Yeah. I think, personally I was doing gigs when I'm sure you were when laptops started being used on a regular basis. And, I was pretty quickly dissatisfied with the way that people were generally just sitting behind them, looking at them.
And so, pretty quickly, my sort of technique to help people understand was that I would show a sound going in by actually making that sound in real time and then be entertained by how it was going back out again, which is something the new version of Forester does really well. You can just record really quickly into buffers while it's actually treating that buffer. But yeah, people find all sorts of marvelous ways of connecting with the audience or not at all. There were various acts that just sit behind the laptop and that was it.
This reminds me of the first time I ever saw you play, John.
Where was that?
We were on the same bill in Australia at The Powerhouse Museum. 2007 I think?
I can't remember. You can tell me.
Okay. So you were playing, you sat on a chair, you had the laptop and you were doing what you just explained, you were showing people the sound going in. You had an acoustic guitar with you.
Yeah. You were playing and it was all going good and then the laptop crashed.
And you had to reboot and you told jokes. You were telling jokes to the audience and it happened twice during your performance. And it was like, wow, that was amazing. You just kept the candor in the whole set and you totally won the audience over. Because, 2007, I think, this was, laptops, they took a little too long to boot back up. There was an awkward distance between the last sound and when you'd finally get back to making sound.
Yeah. Because it would take a couple of minutes to boot back up. And then, you got to load your Max patch.
Then, you've got to see if the audio interface is still there and all that business. That tour was fairly insane. I think we were probably very tired.
And, we'd driven the whole length of Australia in a '76 Mercedes.
Yes. That's awesome.
So, it was kind of fairly insane. And in fact, Sebastian Roux was in the back of the Mercedes with me.
Ah, who was driving?
Do you remember an artist called Sanso-Xtro?
Yeah. So that's Melissa Agate and she released, I think one or two electronic albums. Really beautiful music, really quite an individual voice. And I'm not sure if she's still doing music or not.
She and possibly her partner for a bit drove and I think we must have annoyed them so much because we were so bored in the back of the car. We were being so stupid. She probably got driven to distraction, but it was amazing. Which is really nice. And, we ended up in Adelaide.
Yeah. Okay. That makes sense. Weren’t they from Adelaide?
Melissa, she lived in Adelaide at the time.
But we started in Perth, so we went to Perth and we did a gig there and then flew over and then drove down from Brisbane.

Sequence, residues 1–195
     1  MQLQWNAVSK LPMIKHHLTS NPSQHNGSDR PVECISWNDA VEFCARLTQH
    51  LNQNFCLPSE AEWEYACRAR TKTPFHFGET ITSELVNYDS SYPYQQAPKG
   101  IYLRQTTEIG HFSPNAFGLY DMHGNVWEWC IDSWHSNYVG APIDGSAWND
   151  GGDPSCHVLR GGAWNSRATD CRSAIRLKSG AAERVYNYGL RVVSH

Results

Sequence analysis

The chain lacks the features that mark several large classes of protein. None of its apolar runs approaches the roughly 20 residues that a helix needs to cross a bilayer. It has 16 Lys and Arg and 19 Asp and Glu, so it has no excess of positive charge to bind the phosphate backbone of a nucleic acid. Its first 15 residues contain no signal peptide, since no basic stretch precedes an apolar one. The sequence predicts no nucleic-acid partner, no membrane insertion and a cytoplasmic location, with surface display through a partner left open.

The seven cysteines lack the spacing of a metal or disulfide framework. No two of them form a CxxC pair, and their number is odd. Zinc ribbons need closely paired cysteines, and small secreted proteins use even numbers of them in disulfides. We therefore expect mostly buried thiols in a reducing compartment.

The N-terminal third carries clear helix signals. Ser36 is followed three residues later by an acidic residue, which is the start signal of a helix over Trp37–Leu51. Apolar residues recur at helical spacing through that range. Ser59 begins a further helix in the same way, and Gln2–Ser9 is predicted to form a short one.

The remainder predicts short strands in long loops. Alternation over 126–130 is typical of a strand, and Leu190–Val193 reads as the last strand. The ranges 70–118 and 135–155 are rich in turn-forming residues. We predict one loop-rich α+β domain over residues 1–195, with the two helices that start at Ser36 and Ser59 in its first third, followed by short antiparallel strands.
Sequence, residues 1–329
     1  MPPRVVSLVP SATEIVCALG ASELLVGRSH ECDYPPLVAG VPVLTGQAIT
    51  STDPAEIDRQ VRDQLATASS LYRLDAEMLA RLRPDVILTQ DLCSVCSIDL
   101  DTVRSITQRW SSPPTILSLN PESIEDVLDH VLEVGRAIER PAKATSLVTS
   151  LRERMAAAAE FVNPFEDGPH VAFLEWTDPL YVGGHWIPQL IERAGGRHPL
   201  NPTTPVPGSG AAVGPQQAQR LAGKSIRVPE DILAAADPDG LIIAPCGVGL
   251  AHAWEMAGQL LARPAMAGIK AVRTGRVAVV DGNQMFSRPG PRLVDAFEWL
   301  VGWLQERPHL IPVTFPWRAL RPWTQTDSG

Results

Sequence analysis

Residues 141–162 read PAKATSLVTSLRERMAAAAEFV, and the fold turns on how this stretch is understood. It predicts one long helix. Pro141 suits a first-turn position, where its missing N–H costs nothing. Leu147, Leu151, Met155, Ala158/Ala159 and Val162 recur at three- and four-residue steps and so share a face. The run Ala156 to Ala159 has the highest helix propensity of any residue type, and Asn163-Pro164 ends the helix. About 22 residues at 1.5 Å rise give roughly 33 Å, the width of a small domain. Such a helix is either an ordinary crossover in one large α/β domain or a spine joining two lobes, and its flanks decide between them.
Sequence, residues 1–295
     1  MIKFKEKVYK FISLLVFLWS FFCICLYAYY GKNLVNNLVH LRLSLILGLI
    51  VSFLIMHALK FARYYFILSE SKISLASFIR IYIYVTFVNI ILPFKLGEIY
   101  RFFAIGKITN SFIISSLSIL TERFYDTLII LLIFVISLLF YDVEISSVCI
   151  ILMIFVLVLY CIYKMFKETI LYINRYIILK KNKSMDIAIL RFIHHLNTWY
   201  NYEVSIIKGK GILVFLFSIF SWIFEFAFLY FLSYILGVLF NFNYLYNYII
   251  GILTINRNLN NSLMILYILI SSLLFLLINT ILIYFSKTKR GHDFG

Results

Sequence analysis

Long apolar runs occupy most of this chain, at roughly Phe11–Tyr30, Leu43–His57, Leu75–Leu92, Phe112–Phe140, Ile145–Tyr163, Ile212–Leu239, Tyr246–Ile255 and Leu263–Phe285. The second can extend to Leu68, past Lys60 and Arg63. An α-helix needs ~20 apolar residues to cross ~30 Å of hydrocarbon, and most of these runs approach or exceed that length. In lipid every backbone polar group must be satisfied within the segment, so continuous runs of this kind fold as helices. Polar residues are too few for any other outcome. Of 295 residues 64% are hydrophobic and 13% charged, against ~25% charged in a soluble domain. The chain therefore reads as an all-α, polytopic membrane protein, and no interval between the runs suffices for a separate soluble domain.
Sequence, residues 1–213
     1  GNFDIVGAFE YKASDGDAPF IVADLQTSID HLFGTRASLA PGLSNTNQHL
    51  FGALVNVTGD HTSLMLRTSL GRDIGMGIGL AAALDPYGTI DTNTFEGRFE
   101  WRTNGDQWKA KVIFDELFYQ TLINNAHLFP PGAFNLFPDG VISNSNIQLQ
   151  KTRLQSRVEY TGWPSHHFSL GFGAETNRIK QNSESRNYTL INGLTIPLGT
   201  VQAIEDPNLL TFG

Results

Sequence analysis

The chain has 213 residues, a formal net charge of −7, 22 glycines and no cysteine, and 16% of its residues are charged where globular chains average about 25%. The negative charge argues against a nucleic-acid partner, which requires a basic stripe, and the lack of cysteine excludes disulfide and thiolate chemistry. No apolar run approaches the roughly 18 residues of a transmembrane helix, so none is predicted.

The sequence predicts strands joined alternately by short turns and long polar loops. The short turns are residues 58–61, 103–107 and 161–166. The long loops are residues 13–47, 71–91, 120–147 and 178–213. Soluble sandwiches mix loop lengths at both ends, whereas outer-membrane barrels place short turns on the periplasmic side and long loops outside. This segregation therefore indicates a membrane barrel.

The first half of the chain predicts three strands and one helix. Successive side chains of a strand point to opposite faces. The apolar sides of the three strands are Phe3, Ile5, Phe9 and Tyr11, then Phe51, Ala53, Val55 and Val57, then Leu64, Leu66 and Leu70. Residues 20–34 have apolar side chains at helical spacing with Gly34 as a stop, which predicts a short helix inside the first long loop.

I remember we went to Newcastle.
And then, we went to Canberra. Various places. It was fun.
Yeah. That drive down the east coast of Australia is one of my favorite drives to do in the world.
There's big objects, aren't there on the road?
That's right. The big shrimp, the big banana, the big sheep. Yeah, that's a real Australian thing, for sure. Tourist stop to get a pictures.
Just abandoned beaches as well. That are just miles and miles of the most perfect sand.
Exactly, I'm obviously biased, but I think Australia's probably got some of the best beaches in the world. Just due to the low population, they're just relatively perfect and clean, fresh.
It was amazing. I think it was probably one of my first gigs outside Europe, so it was really exciting and I think it was all organized by a guy that had wanted to put me on at a festival in Newcastle and I said, oh, well, it'd be cool to do a few more gigs.
Was that TiNA, This is Not Art festival?
Argh Newcastle, there was a whole industrial workforce there and steel works and everything. And all of that got shut down, I think in the 90s sometime, but it kind of decimated Newcastle for a while. Half the community left and TiNA had basically just took over all of these warehouses and it was a little bit like Detroit. It was just lot of redundant industrial spaces. And, TiNA festival ran for a number of years. It was able to run on a shoestring budget because it literally could just get the keys to these places for basically free and put on these awesome shows and art. Luckily I got to go and play at TiNA and be part of that. It was super special and I don't think it's happening anymore, unfortunately.
It was definitely coming out of hard times, but there was something kind of quite edgy about these weird events happening and maybe people living in that area, like what the fuck is going on here?
Ha... literally thousands of weirdo sound, visual artists whatever, Australia's best weirdos would roll into town, take the town over for a week. I'm sure the locals were like, what the hell? Is this our future after steel works, we're just a weirdo arts town.
Now what's happening, I believe just from what I've seen online, I haven't lived in Australia for 12 years, but Sydney is like everywhere, completely overpriced and Newcastle is only two hours or less up the coast. Now, people have been pushed out. People are living there and it's just booming, I believe.
I bet. It's got everything you need.